My Cup Is Half Full: Why I Am Optimistic about the Rights of Nonbelievers (October 2002)

“I don’t know that atheists should be considered as citizens, nor should they be considered patriots. This is one nation under God.”–Vice-President George H. W. Bush, 1987

“Americans practice different faiths in churches, synagogues, mosques and temples. And many good people practice no faith at all.”–President George W. Bush, 2002

Those two quotes, to me, are symbolic. They mark 15 years of progress for the rights of nonbelievers. A Republican President, supported and elected by theocrats, acknowledges that nonreligious people can be good. Ludicrous comments by Jerry Falwell and Pat Robertson blaming secularism for the destruction of the Twin Towers were condemned by virtually everyone, including President Bush. Similarly asinine comments by leggy columnist and talking head Ann Coulter got her fired from National Review. Ben Stein, actor and conservative writer, immediately apologized for making comments insulting to atheists. I see all this as the beginning of equal rights for nonreligious people.

Our ranks are growing. The increase in the number of nonbelievers goes hand in hand with the increase in how we are seen in society–the larger and more visible a minority we are, the more respect we will get. According to the monumental “2001 American Religious Identification Survey” prepared by the Graduate Center of the City University of New York, the percentage of people calling themselves “nonreligious” more than doubled from 1990 to 2001, with 14.1% of the US population calling themselves nonreligious. American culture is growing more diverse. The United States has benefited from the “brain drain” from other countries and the many professors, scientists and doctors from abroad with different religious beliefs.

Why are there more nonreligious people today than ten years ago? I think there are many reasons, including the internet, religious scandals, monumental advances in science and an improved and increased portrayal of freethinkers in popular media.
In early 1994, I wrote an article about the internet and freethought for Freethought Today, predicting that the internet would potentially be the greatest thing ever to happen to freethought. Currently, the Secular Web (, the largest freethought-related website, gets over 300,000 unique visitors per month. Many other freethought-related websites are also very popular.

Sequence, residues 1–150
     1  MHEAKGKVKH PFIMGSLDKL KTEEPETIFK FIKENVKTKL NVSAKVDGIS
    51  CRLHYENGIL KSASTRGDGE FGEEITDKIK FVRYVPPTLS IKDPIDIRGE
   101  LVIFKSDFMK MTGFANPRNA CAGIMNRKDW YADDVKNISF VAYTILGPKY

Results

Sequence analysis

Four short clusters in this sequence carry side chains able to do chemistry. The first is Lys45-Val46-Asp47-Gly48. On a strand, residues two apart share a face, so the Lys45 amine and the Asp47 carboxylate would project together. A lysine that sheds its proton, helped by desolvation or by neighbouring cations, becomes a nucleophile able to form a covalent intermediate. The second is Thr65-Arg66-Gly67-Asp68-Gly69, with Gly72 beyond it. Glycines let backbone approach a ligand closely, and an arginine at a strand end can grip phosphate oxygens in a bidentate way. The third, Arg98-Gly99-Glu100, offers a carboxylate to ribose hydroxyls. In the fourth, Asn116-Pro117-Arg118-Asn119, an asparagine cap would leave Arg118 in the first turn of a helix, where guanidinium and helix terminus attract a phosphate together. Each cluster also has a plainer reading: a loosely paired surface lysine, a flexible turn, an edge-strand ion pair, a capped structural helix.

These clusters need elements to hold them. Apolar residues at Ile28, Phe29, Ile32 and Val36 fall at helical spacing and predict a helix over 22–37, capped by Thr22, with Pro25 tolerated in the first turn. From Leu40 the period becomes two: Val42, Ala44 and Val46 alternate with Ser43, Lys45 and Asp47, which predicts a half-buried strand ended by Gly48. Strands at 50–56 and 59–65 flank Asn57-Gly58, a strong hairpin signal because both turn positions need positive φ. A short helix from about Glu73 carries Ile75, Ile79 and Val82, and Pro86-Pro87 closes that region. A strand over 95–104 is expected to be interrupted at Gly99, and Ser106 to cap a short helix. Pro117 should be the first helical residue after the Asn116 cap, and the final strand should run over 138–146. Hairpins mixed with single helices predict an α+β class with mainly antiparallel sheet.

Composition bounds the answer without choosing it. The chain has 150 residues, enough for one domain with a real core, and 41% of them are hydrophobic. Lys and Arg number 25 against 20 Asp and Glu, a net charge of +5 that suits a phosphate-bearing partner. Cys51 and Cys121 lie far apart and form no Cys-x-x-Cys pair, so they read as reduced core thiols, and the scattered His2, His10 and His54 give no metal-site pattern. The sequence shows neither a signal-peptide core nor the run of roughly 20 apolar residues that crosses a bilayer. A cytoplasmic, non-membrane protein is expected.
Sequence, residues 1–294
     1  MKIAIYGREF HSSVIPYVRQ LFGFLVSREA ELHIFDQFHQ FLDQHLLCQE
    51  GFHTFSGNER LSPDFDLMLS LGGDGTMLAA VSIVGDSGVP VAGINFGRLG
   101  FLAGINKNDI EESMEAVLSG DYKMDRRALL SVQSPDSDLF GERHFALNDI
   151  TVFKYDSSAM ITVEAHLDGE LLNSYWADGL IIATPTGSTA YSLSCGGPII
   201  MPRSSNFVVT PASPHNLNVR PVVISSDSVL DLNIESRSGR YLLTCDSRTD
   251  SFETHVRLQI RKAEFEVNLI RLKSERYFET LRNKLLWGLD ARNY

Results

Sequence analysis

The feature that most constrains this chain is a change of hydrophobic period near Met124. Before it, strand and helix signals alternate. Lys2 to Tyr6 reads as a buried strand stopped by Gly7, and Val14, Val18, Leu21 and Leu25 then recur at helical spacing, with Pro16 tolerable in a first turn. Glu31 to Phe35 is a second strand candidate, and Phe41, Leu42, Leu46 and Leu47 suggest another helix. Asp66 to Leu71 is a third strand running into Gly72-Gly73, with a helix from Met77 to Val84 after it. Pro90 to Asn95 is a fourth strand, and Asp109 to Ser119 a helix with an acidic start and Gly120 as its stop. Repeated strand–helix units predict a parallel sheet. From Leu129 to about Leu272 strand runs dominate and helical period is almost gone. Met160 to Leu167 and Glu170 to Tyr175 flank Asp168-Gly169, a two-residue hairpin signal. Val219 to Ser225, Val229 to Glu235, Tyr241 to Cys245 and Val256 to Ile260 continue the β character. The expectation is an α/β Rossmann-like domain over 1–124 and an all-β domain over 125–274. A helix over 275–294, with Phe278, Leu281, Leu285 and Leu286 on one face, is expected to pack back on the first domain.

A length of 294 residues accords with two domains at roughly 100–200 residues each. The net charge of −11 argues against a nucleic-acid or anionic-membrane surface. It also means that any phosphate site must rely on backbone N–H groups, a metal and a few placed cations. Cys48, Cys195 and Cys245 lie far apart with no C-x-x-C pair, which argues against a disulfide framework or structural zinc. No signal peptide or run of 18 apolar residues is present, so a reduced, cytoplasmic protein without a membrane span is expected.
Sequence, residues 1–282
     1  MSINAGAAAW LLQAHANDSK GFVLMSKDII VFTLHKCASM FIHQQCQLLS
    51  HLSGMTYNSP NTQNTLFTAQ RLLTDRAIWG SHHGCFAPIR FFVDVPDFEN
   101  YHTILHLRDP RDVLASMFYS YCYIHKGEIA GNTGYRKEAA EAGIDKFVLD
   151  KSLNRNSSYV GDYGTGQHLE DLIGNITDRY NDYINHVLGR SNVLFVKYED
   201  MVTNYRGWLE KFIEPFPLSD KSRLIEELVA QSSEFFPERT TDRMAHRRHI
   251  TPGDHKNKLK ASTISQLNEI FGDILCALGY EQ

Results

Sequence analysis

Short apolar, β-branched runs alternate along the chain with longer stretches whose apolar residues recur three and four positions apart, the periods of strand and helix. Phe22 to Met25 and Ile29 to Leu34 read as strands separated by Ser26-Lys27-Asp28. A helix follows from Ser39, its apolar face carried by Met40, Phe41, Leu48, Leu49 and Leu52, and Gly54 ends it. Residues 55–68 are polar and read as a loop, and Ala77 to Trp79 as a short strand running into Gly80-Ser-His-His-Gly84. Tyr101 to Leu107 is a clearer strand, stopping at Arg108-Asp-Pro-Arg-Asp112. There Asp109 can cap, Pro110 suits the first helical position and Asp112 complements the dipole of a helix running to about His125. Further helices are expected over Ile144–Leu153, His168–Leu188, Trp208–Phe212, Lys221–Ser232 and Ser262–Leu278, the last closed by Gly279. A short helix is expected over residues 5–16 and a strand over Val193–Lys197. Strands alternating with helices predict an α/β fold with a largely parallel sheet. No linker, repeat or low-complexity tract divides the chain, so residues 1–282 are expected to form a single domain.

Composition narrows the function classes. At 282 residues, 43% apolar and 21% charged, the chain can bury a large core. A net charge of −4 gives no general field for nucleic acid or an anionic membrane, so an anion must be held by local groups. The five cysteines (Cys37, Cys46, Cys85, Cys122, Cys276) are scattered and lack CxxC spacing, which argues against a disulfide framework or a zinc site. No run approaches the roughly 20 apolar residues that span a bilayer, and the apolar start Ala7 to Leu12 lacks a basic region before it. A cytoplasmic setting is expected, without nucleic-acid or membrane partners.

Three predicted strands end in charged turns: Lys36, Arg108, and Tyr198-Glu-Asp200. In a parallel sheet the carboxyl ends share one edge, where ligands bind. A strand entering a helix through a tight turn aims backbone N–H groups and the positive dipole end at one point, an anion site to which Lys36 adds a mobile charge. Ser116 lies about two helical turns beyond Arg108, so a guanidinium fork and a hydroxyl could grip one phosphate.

The internet reaches an important demographic that organized atheism/humanism has generally been unable to reach: young people. This is critical, so that as people intellectually mature they have readily available sources from the atheistic point of view. I think my prediction of eight years ago has come to pass, and I claim no psychic powers.

Another reason why the ranks of nonbelievers have increased is the occurrence of religious scandals, from the Protestant televangelists of the late eighties to the molesting priests of today. Aside from the horrors that the victims of these scandals face, these scandals do have a side benefit: Religion cannot be regarded as beyond reproach when priests are molesting six-year-olds or mansion-dwelling televangelists are swindling elderly people out of their pensions and are involved in sex scandals. These scandals often catalyze a re-thinking of religious beliefs.

As history has shown, scientific breakthroughs tend to make religion superfluous. It happened with advances in evolutionary biology, astronomy and cosmological physics. Two advances are currently emerging that also threaten religious dogma: the genome project and cloning. Life becomes less mysterious and more scientific. (It also will have benefits in preventing genetic diseases and enhancing the quality of life of humankind.) The controversial advances in cloning cut at the philosophical concept of identity, which often has spiritual overtones. If scientists can clone life in a laboratory, what need is there for a deity?

The amount of atheism and satire of religion in popular culture is another important reason for an increase in freethought. Freethinkers have always been well-represented in intellectual publications. Fine humanistic writers like Katha Pollitt and Wendy Kaminer write for The Nation and other intellectual political publications. Nonbelievers dominate science and are well-represented in academic writings. Where we have been unrepresented is in popular culture. Traditionally, nonreligious people were portrayed as sinful or “lost” in movies and TV programs. If there was an atheist character, that person was evil or misguided and eventually “saw the light.” Religion was beyond reproach. This has changed.